Sunday, July 18, 2010

The Killing Fields

This is not going to be an easy meditation. Genocide is a heavy topic, but it also represents how horrid human beings can be.  Humans are capable of great good and great evil.  There is a duality in humans.

The History
In terms of an overall background, the Khmer Rouge basically ran the country into the ground during their short time in power.   For an in depth study of this dark period go here.  Yale University has also developed the Cambodian Genocide Program, which has a good website.  

The other complex thing is that a genocide location is now a tourist attraction.  This is weird.  An article in the National Geographic outlines this strange phenomenon.  You are visiting a place in which hundreds of people died.  About 1.7 Million people were killed, but in terms of percentages, about 21% of the total population in Cambodia were killed or murdered.

So, what is the experience?  Depressing.

The Results of a Mad Man's Insanity

This is the monument at the Killing Fields.  Within this monument are skulls and clothing.  Ironically, I would say that there are more bodies than the monument can hold.  Like Rwanda, the Killing Fields was a result of political turmoil.  Much of what the Khmer Rouge followed was a literal translation of Mao's Red Book.  
The depth of the tragedy can only be known when you go to the actual killing field site.  It is one of many sites scattered throughout the country.  21% of the total population died. Why?  It was purely for the sake of a utopian ideal.  Utopian ideals have a tendency to become dystopian ideals.  The desire to create this utopian society generated a huge level of collateral damage in Cambodia.  The people died for the sake of an ideal society without money, without property, without family, without all of the "capitalist" artifacts.  The dead have something to say to Pol Pot.  You are going to be tried.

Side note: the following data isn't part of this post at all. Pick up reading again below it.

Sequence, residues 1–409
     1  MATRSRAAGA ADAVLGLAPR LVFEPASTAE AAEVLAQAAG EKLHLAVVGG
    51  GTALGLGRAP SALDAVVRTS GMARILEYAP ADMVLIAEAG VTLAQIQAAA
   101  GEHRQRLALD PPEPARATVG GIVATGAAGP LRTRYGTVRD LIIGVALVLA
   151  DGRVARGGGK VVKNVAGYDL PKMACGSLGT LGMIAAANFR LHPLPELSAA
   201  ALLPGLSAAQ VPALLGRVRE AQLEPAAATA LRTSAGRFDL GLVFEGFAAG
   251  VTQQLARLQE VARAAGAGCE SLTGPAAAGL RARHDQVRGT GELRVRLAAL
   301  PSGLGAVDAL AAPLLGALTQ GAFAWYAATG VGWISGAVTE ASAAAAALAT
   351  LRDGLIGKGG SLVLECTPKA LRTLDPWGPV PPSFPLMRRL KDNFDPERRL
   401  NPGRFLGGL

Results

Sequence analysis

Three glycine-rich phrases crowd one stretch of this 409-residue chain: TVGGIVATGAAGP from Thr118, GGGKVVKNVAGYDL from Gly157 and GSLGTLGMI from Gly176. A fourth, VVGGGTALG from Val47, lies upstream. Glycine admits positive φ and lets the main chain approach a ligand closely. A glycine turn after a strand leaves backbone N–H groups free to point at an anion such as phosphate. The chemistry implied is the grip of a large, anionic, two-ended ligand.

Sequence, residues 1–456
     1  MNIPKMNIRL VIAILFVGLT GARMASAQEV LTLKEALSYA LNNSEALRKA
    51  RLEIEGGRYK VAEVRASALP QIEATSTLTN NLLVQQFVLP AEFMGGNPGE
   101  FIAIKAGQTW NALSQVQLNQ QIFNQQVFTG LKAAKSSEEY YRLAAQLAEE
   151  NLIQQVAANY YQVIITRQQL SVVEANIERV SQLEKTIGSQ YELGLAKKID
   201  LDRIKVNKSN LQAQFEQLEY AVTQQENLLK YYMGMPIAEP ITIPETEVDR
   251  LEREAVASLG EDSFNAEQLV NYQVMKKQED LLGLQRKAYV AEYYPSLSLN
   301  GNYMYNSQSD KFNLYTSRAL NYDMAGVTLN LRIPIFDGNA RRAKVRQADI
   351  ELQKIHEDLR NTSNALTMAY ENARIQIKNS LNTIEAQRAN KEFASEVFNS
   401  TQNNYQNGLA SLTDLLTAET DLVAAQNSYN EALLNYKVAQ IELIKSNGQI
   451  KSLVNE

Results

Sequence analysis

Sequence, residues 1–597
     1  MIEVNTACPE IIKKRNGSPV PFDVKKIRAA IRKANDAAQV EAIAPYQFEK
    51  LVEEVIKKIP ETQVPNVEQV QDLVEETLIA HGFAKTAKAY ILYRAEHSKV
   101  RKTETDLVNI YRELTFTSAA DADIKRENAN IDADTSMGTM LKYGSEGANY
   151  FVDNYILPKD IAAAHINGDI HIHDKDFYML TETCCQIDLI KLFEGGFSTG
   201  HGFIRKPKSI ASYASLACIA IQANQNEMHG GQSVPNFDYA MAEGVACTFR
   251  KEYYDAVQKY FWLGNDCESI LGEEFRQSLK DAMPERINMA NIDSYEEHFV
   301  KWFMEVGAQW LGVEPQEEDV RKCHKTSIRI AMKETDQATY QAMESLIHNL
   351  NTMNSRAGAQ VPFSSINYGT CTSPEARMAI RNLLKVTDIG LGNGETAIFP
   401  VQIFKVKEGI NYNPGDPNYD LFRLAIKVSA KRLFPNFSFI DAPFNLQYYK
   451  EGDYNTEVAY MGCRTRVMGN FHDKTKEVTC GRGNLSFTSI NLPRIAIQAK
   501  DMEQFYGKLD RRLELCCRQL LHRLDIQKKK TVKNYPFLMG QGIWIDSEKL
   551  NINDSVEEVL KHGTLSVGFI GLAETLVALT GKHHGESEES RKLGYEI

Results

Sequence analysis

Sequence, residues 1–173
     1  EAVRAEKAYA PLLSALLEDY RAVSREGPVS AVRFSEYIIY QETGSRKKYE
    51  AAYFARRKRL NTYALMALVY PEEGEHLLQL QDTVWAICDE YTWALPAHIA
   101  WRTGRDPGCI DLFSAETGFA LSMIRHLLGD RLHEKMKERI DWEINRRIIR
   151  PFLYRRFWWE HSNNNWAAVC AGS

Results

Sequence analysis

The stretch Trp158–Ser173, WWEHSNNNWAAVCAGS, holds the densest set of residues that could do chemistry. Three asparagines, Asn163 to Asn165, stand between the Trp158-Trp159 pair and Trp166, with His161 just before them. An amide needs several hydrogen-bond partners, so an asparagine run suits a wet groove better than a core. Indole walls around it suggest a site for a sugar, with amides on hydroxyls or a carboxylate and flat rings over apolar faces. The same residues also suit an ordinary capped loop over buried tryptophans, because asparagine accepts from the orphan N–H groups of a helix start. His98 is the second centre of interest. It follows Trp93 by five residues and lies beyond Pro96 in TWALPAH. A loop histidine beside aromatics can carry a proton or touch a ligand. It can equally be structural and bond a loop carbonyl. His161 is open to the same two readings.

Killing trees.  This is the actual tree that was used to kill babies.  That is not a typo.  What they would do is put a large nail into the tree.  They would then grab the baby by the legs and swing its skull into the nail, and pile the bodies at the foot of the tree.  It was truly industrial in scale.  The means of production governs the means of existence.  In this case, the means of production was systematic killing.  The means of existence was the elimination of existence.

Next to this tree is a pit in which hundreds of bodies were located.  Most of the women were naked.  There is discussion that the women were probably raped prior to their final moments.  How an entire government can condone such an act escapes people  What is more clear is how willing people are to do such a thing.  The Milgram Experiment may be a good explanation in regards to why people did what they did.  Some probably just did it to fit in with the Khmer Rouge, and probably to avoid becoming a victim as well.  It could be class related, but if this is true, then it shows that any class that dominates a particular spectrum of society may be prone towards such cruelty.

What I did find interesting was that some ideological people still try to deny that this was possible.  It was not Communism!  Well, then what was it?  It was a failure to envision it!  Not really.  The Khmer Rouge was interpreting Communism to the letter.  All people who were perceived as Anti-Revolutionaries were eliminated.  The assessment as of this point is that an ideology is a means towards and end.  It is a mythology that allows a person to justify a decision to either kill or rape or murder.  A political ideology doesn't mean anything more or less than religious ideology.  All ideologies are based upon a mythological construct that allows a group of people to interpret the world, and the respective communities.